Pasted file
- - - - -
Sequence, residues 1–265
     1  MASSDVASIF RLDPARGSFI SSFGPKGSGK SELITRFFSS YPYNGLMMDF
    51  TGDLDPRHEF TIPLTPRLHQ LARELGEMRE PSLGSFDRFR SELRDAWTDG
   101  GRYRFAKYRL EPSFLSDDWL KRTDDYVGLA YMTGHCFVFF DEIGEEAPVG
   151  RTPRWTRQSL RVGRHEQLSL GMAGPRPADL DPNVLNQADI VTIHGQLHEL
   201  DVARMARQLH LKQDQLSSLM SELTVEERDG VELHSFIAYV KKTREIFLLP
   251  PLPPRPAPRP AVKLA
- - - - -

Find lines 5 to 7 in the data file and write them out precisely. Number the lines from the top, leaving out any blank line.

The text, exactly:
   151  RTPRWTRQSL RVGRHEQLSL GMAGPRPADL DPNVLNQADI VTIHGQLHEL
   201  DVARMARQLH LKQDQLSSLM SELTVEERDG VELHSFIAYV KKTREIFLLP
   251  PLPPRPAPRP AVKLA